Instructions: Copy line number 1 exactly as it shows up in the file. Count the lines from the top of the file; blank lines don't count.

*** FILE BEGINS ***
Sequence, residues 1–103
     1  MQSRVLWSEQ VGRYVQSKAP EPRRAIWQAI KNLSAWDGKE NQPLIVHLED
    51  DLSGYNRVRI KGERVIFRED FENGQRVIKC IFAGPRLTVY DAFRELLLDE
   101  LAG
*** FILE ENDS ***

Sequence, residues 1–103